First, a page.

bikeways shall be categorized as follows:
(a) Class I bikeways, such as a "bike path," which provide a
completely separated right-of-way designated for the exclusive use of
bicycles and pedestrians with crossflows by motorists minimized.
(b) Class II bikeways, such as a "bike lane," which provide a
restricted right-of-way designated for the exclusive or semiexclusive
use of bicycles with through travel by motor vehicles or pedestrians
prohibited, but with vehicle parking and crossflows by pedestrians
and motorists permitted.
(c) Class III bikeways, such as an onstreet or offstreet "bike
route," which provide a right-of-way designated by signs or permanent
markings and shared with pedestrians or motorists.

This is the kind of bike we should use to make sure that the panhandle bike path is kept clear for light speed bike riding:


Posted by marcos on Mar. 10, 2012 @ 6:57 pm

""bikeway" means all facilities that provide primarily for bicycle travel"

The north Panhandle path is not "primarily" for cycles at all. Nor is it "exclusive" to bikes. It is simply a shared path. Which is why I have no compunction taking the entire "lane" when walking there. and why cyclists always give way to me when I do.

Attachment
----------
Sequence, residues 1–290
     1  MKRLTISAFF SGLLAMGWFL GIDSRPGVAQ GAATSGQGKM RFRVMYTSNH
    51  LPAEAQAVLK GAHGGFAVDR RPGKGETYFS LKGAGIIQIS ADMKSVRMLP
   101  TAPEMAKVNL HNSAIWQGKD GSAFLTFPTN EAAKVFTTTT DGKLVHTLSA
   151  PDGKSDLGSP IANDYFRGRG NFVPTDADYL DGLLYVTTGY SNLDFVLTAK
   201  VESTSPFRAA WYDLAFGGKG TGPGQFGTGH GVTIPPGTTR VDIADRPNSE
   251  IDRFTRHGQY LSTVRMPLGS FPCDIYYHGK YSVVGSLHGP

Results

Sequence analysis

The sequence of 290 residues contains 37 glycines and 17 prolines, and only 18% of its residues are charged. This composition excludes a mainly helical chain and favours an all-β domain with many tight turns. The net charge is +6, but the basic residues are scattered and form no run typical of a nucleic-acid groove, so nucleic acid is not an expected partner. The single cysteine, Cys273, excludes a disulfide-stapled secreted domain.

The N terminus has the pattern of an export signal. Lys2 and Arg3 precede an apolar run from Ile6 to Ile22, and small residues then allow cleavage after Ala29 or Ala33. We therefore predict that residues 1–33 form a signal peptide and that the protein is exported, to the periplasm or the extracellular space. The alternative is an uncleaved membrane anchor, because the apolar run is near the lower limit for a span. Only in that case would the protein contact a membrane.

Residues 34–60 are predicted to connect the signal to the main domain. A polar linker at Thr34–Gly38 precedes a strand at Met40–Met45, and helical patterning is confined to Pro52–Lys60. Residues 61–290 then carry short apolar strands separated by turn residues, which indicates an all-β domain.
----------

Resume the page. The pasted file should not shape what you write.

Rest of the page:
If everyone using that path gets that, why don't you?

Posted by Grog on Mar. 11, 2012 @ 12:56 pm

"Regular treatment": Cars get two 60-foot-wide expanses of asphalt designed to keep them moving as fast as possible. When they kill people (and they have it's their own fault for getting in the way.

"Special treatment": Cyclists get a single 12 foot path, for both directions, to share with pedestrians. And God forbid they go faster than 10 mph.

They should take lessons from the motorists on Fell, who haven't killed any pedestrians since 2009.

Posted by Alai on Mar. 09, 2012 @ 11:55 pm

make it "safer" by removing parking?

You just refuted yourself.

Posted by Guest on Mar. 10, 2012 @ 7:30 am

allocated to them because there are far more of them?

Our streets are designed to provide the greatest utility to the greatest number, and not to give undue preference to a 4% minority.